Friday, June 3, 2011

A Promising Direction

Thoughts I am having about where to take my research:

After learning about many of the new techniques that are emerging for literary criticism in our digital age, I could not help but see connections found in Ender's Game. I found an article that turned out to be an essay book review of the book New Literacies: Changing Knowledge and Classroom Learning. I checked it out from the library and, while it is not specific to Ender's Game, I have been pleasantly surprised with the ideas it poses about informing people of the new literacy practices that are emerging from the digital age.

 The article focuses more on how "literacy educators can bridge the gap between New Literacy Studies (NLS) and what we characterize as the Institution of Old Learning." I did a little research and found that NLS emphasizes studying reading and writing within the context of it's social and cultural practices rather than focusing on literacy only being the ability to read and write. From what I gather, NLS is interested in employing ways of consuming literature (print, audio, video, etc.) because it allows more people to be exposed to the literature.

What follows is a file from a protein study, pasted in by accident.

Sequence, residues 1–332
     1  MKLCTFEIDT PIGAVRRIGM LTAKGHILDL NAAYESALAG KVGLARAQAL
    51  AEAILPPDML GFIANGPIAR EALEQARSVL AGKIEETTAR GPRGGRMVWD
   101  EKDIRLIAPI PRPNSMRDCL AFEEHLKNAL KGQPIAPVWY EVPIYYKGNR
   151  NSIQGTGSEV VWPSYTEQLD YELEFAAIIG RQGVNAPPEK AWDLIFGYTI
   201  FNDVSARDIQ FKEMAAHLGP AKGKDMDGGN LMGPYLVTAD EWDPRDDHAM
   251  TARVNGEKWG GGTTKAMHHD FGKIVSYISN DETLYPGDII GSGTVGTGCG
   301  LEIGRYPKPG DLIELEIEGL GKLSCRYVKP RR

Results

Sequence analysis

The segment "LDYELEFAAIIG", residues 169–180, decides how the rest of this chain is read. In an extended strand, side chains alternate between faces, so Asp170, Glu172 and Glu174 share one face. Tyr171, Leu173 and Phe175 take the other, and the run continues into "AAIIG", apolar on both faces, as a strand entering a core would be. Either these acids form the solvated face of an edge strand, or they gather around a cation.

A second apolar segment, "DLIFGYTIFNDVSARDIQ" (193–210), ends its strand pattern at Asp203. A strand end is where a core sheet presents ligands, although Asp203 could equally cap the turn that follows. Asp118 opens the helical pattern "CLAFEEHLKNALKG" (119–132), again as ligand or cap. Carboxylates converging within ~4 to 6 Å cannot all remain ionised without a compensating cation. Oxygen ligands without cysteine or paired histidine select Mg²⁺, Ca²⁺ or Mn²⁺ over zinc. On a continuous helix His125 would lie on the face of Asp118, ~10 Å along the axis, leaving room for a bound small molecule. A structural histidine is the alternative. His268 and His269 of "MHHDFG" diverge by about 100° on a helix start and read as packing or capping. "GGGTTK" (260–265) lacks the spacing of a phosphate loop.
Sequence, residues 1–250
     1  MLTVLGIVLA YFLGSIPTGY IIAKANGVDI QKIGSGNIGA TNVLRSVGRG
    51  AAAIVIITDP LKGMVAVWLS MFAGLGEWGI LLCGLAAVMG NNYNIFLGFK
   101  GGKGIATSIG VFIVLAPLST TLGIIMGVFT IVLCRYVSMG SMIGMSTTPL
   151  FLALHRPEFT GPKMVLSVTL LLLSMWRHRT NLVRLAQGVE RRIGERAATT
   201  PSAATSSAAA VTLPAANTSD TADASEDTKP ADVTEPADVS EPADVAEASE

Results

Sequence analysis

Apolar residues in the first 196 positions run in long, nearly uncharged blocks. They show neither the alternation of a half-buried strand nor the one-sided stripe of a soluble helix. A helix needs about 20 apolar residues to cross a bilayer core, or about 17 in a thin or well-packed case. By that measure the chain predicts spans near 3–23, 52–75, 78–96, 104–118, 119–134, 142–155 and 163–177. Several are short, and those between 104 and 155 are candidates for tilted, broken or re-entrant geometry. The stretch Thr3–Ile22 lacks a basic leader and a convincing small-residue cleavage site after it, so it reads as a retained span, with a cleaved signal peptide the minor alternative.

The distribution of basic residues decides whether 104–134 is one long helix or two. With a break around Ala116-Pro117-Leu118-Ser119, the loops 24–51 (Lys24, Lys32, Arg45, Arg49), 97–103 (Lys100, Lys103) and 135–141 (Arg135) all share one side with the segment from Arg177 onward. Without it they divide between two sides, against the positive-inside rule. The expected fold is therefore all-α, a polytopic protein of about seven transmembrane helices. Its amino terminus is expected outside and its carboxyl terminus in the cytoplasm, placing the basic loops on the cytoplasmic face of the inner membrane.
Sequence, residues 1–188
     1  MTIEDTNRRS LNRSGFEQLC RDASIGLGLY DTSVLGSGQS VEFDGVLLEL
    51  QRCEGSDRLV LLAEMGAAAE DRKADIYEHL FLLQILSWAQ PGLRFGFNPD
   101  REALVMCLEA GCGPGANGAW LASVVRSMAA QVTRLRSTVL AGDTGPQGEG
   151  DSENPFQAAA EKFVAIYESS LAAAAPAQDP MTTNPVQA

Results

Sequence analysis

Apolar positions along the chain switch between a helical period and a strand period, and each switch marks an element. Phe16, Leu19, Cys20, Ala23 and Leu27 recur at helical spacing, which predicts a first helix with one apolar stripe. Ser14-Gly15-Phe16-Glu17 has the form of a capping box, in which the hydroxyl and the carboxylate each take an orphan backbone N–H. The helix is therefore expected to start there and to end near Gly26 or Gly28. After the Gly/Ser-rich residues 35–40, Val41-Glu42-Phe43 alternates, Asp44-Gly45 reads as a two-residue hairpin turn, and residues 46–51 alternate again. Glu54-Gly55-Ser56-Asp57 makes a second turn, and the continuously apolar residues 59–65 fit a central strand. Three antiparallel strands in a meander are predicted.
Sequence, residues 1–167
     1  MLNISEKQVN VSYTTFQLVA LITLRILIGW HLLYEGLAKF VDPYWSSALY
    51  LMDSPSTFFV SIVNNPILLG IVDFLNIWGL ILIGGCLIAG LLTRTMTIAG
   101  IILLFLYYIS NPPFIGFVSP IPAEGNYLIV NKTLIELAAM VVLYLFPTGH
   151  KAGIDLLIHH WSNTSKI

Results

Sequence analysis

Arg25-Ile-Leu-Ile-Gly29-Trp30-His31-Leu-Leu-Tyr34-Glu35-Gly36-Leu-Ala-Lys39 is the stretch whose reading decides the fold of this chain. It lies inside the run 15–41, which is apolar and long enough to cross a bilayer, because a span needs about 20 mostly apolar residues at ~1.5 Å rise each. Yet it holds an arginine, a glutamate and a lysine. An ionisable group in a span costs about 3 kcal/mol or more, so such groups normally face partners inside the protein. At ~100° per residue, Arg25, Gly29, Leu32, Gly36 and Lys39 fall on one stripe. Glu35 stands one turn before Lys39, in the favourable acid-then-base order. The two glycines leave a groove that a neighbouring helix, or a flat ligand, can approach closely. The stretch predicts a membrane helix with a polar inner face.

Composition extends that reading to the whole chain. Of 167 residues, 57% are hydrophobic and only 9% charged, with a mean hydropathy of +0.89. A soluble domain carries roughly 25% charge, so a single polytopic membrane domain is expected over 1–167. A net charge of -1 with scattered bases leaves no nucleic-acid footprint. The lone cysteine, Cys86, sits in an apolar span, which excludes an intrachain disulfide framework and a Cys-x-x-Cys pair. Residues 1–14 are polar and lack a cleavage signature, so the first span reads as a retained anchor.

I want to tie the new things I am learning about NLS to Ender's Game and the importance of effective communication in the new age of digital literacy.

 I found a professor at Arizona State University, James Gee, who was involved in the idea of new literacies a few years ago. I want to email him to learn his opinion of the way our uses of digital literacy have evolved.

1 comment:

  1. James Gee is a very important source for discussions about literacy today. You might check out this free MIT eBook in which Gee discusses New Literacy Studies and digital literacy.